Anger seems to be raging all around us these days. We feel threatened, and we're ready to snap. Again and again, we find ourselves in a fight or flight situation.
Most animals on the planet respond to a threat by either fighting or fleeing. Ww humans get threatened, too, either physically or psychologically, and usually we use the civilized, modern method of fighting—with rage. Some words slash and wound; other words demean and destroy.
“If you get angry easily, it may be because the seed of anger in you has been watered frequently over many years, and unfortunately you have allowed it or even encouraged it to be watered.”—Thich Nhat Hanh
Anger helps us prepare for potential danger. The emotion stimulates adrenaline to alert the brain and arm the body to fight or flee a threatening situation, and that situation can be an assault to our core principles and beliefs.
Rather than attribute our anger to our fears and vulnerabilities, we blame something else. That denial, justification, or lie disguises what's really bothering us.
Protecting that vulnerability is a life-and-death matter to the angry person. Therapists assisting in anger management understand what fear means to their patients and do not eliminate the defenses and expose those fears prematurely.
“Angry people want you to see how powerful they are... loving people want you to see how powerful YOU are.” Chief Red Eagle
Six Fears (or Vulnerabilities) Anger Can Hide:
1) Anger can cover up hurt. Sometimes it's less threatening to show anger than to show we are hurt, ignored, or devalued. When we feel unlovable due to criticism or rejection, we respond with anger rather than admit our self-doubt.
2) Anger can be used to self-soothe our inner tension. For very sensitive people, any threat, real org imagined, can cause a constant state of insecurity. The release norepinephrine caused by anger numbs physical discomfort.
3) Anger can hide the fear of emotional intimacy. People attach to one another through anger. Many couples use anger in their communication, relating to one another constantly on that basis. It's a power struggle, and it's all they know.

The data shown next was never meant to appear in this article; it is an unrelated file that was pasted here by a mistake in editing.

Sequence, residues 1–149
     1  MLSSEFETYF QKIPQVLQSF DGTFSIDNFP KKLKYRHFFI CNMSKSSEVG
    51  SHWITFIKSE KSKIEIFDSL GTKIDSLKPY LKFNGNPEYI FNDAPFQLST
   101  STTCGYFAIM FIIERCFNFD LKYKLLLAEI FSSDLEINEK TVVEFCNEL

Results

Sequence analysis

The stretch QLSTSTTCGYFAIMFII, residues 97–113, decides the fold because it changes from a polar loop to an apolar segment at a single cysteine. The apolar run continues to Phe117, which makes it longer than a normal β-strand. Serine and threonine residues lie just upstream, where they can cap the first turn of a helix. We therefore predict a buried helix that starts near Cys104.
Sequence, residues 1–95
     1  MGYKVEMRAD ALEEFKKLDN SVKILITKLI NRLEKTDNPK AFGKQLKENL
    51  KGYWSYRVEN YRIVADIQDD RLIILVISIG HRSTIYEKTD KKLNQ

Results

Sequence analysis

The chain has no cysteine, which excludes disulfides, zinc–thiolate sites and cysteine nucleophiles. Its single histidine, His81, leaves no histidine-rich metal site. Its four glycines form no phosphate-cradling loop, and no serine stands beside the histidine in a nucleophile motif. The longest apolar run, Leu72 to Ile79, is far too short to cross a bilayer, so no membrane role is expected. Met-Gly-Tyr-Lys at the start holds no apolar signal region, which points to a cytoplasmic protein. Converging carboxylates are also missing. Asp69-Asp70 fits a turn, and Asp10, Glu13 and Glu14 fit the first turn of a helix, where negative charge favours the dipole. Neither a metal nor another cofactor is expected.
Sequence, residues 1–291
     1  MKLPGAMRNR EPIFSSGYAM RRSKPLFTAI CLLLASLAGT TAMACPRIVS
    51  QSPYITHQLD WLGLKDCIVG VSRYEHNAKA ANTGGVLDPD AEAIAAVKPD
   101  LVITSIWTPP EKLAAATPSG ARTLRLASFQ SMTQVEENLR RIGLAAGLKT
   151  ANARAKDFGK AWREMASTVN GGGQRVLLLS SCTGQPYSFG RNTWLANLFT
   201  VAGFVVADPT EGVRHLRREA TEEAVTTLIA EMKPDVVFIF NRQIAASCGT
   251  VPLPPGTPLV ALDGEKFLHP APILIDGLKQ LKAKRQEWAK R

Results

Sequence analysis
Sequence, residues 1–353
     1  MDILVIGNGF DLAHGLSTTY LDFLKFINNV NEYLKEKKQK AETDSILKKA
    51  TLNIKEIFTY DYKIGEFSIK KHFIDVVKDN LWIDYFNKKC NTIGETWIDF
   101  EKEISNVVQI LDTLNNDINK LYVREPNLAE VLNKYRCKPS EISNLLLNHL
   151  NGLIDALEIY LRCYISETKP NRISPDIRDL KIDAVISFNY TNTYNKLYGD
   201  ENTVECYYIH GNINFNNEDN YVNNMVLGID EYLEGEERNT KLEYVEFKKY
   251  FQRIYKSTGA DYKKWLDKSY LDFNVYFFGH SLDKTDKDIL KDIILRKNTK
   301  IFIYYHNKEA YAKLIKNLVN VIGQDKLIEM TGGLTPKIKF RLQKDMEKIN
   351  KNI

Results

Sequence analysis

4) Anger can hide self-consciousness. Combative or oppositional behavior often stems from being self-conscious and any situation that exacerbates that feeling will bring about an angry response.
5) Anger can hide self-empowerment. Unassertive people often use anger to gain a moment of power in relationships or in work situations.
6) Anger can hide sadness and/or grief. When a loved one divulges his or her own pain, we often resort to anger as a defense. We are sad and have no ability to express our emotions except through anger. We want to rescue someone and we can't; we feel helpless and get angry.
In his book, Beyond Anger: A Guide for Men: How to Free Yourself from the Grip of Anger and Ger More Out of Life, Thomas J. Harbin says, “This intense desire to control is an attempt to maintain dignity in spite of low self-regard. Think about it. In addition to keeping everything safe, the exercise of power temporarily boosts angry men's low self-esteem. [...] Like many kings and other powerful people, however, angry men will soon doubt the affection of those they control. They will always wonder if they are "really" loved by family members, or if their family is just acting that way out of fear.”
What do we do when the motion overtakes us?
Journal! Writing out your feelings in specific detail gets those hostile, negative, counter-productive thoughts out of our boiling insides and onto the page.
Walk away. Take ten deep breaths. Exercise. Run around the block twice.
“Whenever you are angry, take a beautiful object in your house and smash it to pieces. The pity you feel for what you have done is silly compared to what you are doing to your mind: taking a sacred moment to be alive and desecrating it by being angry.”
― Kamand Kojouri